The hacker continued using Bitpay’s executive accounts to request funds, all of which were apparently granted until an employee of the transaction software company, SecondMarket, was notified. The article and court case emphasize that this was not a hacking scenario, just a $1.8 Million phishing scam that people using Craigslist for job searches avoid every day.
Chelsea Kerwin, September 30, 2015

Sponsored by, publisher of the CyberOSINT monograph


National Geographic Sells Out 

September 30, 2015

The National Geographic Society is one of the most respected institutes in regards to science and journalism related to nature.  For 127 years, National Geographic managed itself as a non-profit organization.  Buzzfeed reports that 21st Century Fox purchased National Geographic in the article, “Rupert Murdoch Is Buying National Geographic.”  Before you start getting upset that National Geographic has “sold out” in the same manner that Sesame Street has a new partnership with HBO, be aware that 21st Century Fox already owned and operated a joint-venture partnership with the company.

The bulk of National Geographic’s properties are being turned over to 21st Century Fox, who will manage them and allow the National Geographic Society to focus on:

“The National Geographic Society said the deal will let the foundation invest more money in sponsoring explorers and scientists. ‘The value generated by this transaction, including the consistent and attractive revenue stream that National Geographic Partners will deliver, ensures that we will have greater resources for this work, which includes our grant making programs,’ said CEO Gary Knell, in a statement.”

While National Geographic is still popular, it faces stiff competition from other news outlets that generate similar if not more content.  National Geographic wants to have better, modern storytelling “so that we may all know more of the world upon which we live.”

Hopefully this will free up more monies for scientific research, endeavors to protect endangered species, educational programs, and better ways to educate people on the natural world.


Whitney Grace, September 30, 2015
Sponsored by, publisher of the CyberOSINT monograph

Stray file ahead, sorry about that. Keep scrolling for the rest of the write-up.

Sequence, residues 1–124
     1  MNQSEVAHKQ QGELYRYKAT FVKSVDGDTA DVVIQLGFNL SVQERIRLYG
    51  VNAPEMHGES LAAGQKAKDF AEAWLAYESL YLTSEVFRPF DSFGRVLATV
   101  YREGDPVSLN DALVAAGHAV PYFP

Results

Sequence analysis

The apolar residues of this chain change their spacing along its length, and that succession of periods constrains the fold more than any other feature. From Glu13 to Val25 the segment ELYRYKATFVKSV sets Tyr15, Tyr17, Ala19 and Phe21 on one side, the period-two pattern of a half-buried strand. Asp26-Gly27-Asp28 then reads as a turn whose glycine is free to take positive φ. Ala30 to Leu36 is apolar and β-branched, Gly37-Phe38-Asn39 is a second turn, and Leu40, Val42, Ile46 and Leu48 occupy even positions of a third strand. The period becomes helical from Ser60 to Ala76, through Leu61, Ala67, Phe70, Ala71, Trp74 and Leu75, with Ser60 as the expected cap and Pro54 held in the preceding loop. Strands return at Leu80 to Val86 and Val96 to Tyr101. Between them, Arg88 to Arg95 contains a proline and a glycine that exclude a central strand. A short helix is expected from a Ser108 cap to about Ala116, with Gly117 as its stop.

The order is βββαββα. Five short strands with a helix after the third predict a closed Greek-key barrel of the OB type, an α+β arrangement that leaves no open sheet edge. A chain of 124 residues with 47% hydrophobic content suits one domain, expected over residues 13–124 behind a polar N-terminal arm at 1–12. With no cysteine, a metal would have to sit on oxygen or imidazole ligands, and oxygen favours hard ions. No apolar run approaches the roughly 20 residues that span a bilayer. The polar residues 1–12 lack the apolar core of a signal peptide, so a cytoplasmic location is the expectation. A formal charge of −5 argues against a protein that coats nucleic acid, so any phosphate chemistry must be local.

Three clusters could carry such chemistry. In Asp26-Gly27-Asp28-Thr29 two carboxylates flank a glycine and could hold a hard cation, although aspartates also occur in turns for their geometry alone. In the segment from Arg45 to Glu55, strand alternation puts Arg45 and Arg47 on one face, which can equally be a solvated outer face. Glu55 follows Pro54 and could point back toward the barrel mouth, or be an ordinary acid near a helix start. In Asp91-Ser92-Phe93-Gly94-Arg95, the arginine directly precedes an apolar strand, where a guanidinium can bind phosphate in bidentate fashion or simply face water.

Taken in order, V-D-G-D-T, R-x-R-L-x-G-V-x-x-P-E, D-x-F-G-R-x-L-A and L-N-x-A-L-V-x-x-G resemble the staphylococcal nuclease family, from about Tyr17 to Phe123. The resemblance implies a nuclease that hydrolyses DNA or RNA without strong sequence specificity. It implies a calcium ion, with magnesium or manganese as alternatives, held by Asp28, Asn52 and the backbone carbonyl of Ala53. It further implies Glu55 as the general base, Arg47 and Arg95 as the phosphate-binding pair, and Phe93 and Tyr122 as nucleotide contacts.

Accidental and On-Purpose Insider Threats in Federal Agencies Still Raging

September 28, 2015

The article on Eweek titled Insider Threats a Major Security Issue for Federal Agencies looks at the recent results of a MeriTalk survey investigating federal response to insider threats through interviewing federal IT managers. The results are shocking, with almost 30% of agencies acknowledging data lost to an insider threat in the last year and half of respondents claiming that unauthorized personnel commonly fail to observe protocols. Even worse, most agencies have no tracking in place to recognize what a staffer may have seen or shared, making them virtually incapable of following up on risky behavior in their employees. The article says,

“The most startling finding from the survey is the fact that 45 percent of agencies say they’ve been a target of an attack – malicious or unintentional – yet 50 percent still say employees do not follow all the protocols in place,” Steve O’Keeffe, founder of MeriTalk…”There is also a lack of agreement on the best solution.  Frequent, hands-on employee training is the key to preventing these incidents, as well as accountability. However, we are all human and people make mistakes.”

O’Keefe recommends the immediate and comprehensive adoption of better encryption and two-factor authentication to address the issue. But perhaps equally important is continuously updated training, and ongoing training, to avoid the common accidental insider threats.
Chelsea Kerwin, September 28, 2015

Sponsored by, publisher of the CyberOSINT monograph

Watch Anti-Money Laundering Compliances Sink

September 25, 2015

With a title like “AML-A Challenge Of Titanic Proportions” posted on Attivio metaphoric comparisons between the “ship of dreams” and icebergs is inevitable.  Anti-money laundering compliances have seen an unprecedented growth between 2011-2014 of 53%, says KPMG’s Global Anti-Money Laundering (AML) Survey.  The costs are predicted to increase by more than 25% in the next three years.  The biggest areas that are requiring more money, include transaction monitoring systems, Know Your Customer systems, and recruitment/retention systems for AML staff.